According to the Congressional Budget Office (requires Acrobat Reader), the federal debt has already surpassed $10 trillion, and unless current policies are changed, the 2009 budget deficit will be the biggest in history. Some so-called economists say that the only way to deal with the problem is to raise taxes and/or cut public spending. I say we need to think outside-the-box. Here are three ways to reduce the debt that will let us have our cake and eat it too!
1. Tribute: why suffer the indignity of paying our bills when we can get other countries to do it for us? Tribute, like democracy and pederasty, is a time-honored tradition dating back to Classical Athens. The leaders of Athens understood that the costs of lavish public spending should fall on everyone but the people who voted you into office. President Obama could politely ask Canada to share its excess wealth, and then send the military to Ottawa to make sure the money is safely transferred to the states.
2. Logan's Run: much of the debt arises from entitlement spending on Social Security and Medicare. We provide these services because we would feel bad if the elderly had to spend their twilight years in poverty and ill health. If we can't get rid of these services in good conscience, then let's get rid of the elderly! If nobody is old, then funding SS and Medicare becomes easy. I say that whenever someone reaches retirement age, a little gizmo in their hand activates to let the authorities know that it's time to take grandpa out to the woods "to set him free."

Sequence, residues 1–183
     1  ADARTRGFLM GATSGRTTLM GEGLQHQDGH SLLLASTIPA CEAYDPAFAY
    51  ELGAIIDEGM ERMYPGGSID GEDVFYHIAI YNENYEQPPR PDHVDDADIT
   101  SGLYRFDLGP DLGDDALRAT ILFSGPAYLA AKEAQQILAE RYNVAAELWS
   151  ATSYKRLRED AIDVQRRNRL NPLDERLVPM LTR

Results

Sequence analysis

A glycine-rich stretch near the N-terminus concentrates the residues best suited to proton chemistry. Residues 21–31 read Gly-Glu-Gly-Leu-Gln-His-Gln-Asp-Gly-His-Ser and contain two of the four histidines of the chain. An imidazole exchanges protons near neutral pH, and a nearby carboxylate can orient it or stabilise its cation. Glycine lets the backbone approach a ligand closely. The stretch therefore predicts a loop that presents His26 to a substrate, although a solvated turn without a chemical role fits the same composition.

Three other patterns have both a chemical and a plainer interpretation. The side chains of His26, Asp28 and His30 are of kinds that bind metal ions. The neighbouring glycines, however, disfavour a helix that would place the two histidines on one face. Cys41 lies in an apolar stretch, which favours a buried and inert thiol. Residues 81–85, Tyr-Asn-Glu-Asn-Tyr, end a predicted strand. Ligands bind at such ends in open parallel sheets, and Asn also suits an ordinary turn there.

3. Voodoo Economics: maybe turning the elderly into Soylent Green isn't acceptable to the far left. But we still need to address the problem of a growing number of retirees versus working-aged adults. How do we keep those old folks working and paying taxes for as long as possible? The answer: voodoo. America is second only to Jamaica in zombification, and there's no reason a person should stop working just because they're clinically dead. Black magic is an emerging industry that will keep America competitive in the 21st century.